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How To Avoid VR Motion Sickness

How To Avoid VR Motion Sickness
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VR motion sickness is one of the great downfalls about the current technology. Many people complain about feeling sick, nauseated, or discomfort when experiencing VR. This can be due to many reasons including: low FPS, low refresh-rate, too much movement, etc. To avoid these issues, here are some helpful tips when when playing in VR.

Tips and suggestions in avoiding VR motion sickness:

Many people are susceptible to VR sickness and there are here are some helpful tips to avoid it.

  1. Make sure to take frequent breaks while using VR. Excessive use in the VR space through an HMD can have bearing effects on a person including nausea, headaches, and more. So make sure to be aware of your time spent in VR or set up a timer to alert you to take a quick break.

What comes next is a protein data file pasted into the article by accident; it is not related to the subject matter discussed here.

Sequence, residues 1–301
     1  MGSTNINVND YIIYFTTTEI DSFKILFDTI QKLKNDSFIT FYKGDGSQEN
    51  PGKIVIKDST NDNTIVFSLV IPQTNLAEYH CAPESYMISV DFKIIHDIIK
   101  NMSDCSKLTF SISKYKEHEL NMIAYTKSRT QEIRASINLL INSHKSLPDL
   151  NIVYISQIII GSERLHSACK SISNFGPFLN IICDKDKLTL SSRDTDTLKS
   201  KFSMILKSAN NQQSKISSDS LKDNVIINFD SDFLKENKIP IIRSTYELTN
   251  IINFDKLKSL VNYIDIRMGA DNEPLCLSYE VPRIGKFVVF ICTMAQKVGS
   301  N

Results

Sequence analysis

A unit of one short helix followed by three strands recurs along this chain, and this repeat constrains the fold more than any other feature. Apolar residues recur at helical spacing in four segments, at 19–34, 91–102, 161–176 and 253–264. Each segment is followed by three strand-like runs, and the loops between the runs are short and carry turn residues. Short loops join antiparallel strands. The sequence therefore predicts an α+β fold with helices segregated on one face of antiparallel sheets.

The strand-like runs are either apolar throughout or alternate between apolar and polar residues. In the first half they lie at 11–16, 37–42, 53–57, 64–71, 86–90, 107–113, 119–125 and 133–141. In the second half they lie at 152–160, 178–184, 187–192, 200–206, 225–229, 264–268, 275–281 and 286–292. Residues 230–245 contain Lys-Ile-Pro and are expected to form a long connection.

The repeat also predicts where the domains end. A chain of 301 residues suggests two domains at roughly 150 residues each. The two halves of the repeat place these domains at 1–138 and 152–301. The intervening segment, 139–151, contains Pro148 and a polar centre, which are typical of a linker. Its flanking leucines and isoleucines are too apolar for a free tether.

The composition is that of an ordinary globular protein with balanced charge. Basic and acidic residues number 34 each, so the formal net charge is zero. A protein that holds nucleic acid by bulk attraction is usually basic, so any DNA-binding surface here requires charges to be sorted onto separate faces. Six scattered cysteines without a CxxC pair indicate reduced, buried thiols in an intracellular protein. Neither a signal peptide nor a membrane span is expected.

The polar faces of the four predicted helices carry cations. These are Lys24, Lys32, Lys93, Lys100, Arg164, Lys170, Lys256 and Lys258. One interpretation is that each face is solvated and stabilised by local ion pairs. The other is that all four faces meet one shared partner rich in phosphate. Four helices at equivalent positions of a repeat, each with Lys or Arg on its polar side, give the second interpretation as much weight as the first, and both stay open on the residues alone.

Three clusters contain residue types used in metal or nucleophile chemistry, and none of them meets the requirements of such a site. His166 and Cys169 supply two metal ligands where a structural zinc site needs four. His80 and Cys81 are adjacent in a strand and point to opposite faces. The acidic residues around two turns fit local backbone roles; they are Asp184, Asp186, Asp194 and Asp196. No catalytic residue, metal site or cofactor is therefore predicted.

2. Make sure to avoid VR games that involve too much movement if you are susceptible to motion sickness. There are many VR games out there that just aren’t suited for people with a low tolerance to motion sickness. Make sure to check out trailers and reviews prior to purchasing a game.
  3. Play with teleportation movement when possible. Many VR games currently offer two-sets of movement: teleportation and locomotion. Try to avoid locomotion when possible if you have a low-tolerance to motion sickness as instaneous travel makes things a little easier on your eyes and FPS.

Tips for developers on how to create high-quality content to avoid motion sickness:

Intel has released a video on how to create VR content with the least amount of motion sickness for the end user. Many developers have made simple mistakes over the time that can be avoided if following some of these guidelines.

  1. Respond accurately to the user’s movements at all times, preferably near typical human locmotion speeds. Strive for zero latency, especially in head tracking.
  2. Maintain frame rates equal to or greater than the hardware refresh rate to avoid judder. 90 FPS is currently considered the minimum comfortable frame rate.
  3. Give users the opportunity to calibrate stereo offset or interpupillary distance.
  4. Avoid moving objects that take up a large portion of the user’s point of view, to preview feelings of self-motion.
  5. Make acceleration infrequent and short, preferably instantaneous.
  6. In teleporting, provide adequate visual cues to retain bearings and preserve original orientation.

 

 

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